There is no such thing as a solid musical shooter without a flawless soundtrack to accompany the tone you are going for. The music in Child of Eden brilliantly supports the graphics and adds to the overall atmosphere of the game. The pacing of the music feeds off your performance and gives the sensation that you are in fact the creator of the music. The music changes from a relaxed pace to an intensive beat in an instant, automatically setting the scene for the intensity of the next area. The intertwining music and graphics are a perfect mix of design and relaxation that creates an ecstatic atmosphere that doesn't let you go until the credits begin to roll.


One feature coming to all future first party titles is Kinect compatibility as an optional extra. Child of Eden takes that optional compatibility to another level with the exact same game available for either the Kinect or a standard controller. The standard controller option feels like it was thrown on just to get a few extra sales by people who don't have a Kinect. While it is still fun, you just don't get the same experience as you do from using motion controls. Using the Kinect utilises your hands perfectly. Movements you make are almost automatic and there is no visible lag from the Kinect processing the movements like some other games. Just starting the game for the first time and getting through the menus you can tell how responsive the controls are. During the game changing from your left hand (automatic firing) and your right hand (lock on targetting) is seamless and smooth. When the game gets tough and quick reflexes are needed you can perform movements with ease just like you had the precision of dual sticks on a controller. After playing Child of Eden it has automatically raised my expectation of Kinect games going forward.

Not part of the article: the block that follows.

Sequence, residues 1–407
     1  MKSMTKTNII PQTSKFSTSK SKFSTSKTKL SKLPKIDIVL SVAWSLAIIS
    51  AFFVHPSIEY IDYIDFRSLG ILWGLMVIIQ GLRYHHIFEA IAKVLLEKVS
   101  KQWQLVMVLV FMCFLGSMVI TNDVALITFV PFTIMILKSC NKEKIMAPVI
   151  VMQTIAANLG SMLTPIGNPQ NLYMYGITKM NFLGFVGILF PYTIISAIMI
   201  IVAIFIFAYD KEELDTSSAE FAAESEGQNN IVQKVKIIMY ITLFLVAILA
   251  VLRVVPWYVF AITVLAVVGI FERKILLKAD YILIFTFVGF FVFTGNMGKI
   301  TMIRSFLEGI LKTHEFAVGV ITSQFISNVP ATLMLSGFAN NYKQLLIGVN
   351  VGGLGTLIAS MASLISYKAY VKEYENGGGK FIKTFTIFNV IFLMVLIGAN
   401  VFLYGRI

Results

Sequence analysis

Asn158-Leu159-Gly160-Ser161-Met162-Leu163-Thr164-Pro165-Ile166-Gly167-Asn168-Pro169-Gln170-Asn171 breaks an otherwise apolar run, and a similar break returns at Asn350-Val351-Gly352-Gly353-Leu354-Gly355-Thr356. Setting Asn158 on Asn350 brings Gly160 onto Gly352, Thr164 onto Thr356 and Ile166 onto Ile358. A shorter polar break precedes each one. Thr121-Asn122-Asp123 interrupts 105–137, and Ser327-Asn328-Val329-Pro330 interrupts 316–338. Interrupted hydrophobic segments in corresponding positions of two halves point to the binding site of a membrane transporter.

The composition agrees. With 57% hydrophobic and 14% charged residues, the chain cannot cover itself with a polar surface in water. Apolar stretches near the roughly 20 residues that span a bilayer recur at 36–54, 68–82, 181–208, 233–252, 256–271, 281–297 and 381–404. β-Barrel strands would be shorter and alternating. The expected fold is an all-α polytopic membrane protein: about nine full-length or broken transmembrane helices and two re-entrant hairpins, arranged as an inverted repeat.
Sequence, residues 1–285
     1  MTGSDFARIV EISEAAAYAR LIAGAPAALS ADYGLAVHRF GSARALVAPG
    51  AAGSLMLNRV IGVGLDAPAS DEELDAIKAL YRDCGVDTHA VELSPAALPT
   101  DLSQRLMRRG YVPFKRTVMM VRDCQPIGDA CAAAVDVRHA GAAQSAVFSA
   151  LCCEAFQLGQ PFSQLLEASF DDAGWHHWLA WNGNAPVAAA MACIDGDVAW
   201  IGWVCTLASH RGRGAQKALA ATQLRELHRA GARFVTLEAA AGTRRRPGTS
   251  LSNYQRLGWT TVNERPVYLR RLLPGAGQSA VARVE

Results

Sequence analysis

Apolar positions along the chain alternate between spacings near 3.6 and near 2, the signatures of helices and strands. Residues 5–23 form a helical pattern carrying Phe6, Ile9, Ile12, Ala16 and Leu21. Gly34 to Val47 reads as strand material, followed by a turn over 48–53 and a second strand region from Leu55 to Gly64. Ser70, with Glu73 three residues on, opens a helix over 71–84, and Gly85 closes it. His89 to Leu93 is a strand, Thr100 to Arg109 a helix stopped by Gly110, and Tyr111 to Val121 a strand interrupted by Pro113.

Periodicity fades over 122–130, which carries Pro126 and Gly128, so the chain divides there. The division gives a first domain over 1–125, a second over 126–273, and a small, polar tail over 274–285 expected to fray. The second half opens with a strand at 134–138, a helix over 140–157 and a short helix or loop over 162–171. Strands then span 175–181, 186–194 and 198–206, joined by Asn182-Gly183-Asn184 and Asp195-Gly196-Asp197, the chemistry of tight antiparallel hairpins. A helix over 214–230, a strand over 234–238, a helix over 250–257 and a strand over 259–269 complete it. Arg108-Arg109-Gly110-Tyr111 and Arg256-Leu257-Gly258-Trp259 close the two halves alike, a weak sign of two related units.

One of the biggest gripes I have with a game that looks so good is the length of it. There are only five different levels in Child of Eden and if you are able to beat each level on the first go you can technically reach the credits in just under a hour. There are no other modes, no online and only added unlockables to keep you coming back. In an era where consumers expect more and more bang for their buck this is a dangerous situation to leave us in. Child of Eden is a fun, exhilarating game and each level will require multiple playthroughs to finish. Then after that you have the aim of unlocking concept art and going for achievements before finally ramping up the difficulty and going for a perfect score. Child of Eden is challenging and I found myself losing all my lives and doing multiple attempts at passing the level from the very start. The replay factor of this game extends Child of Eden into the 6-8 hour bracket but players who don't enjoy replaying the same areas constantly will find this title dry on content.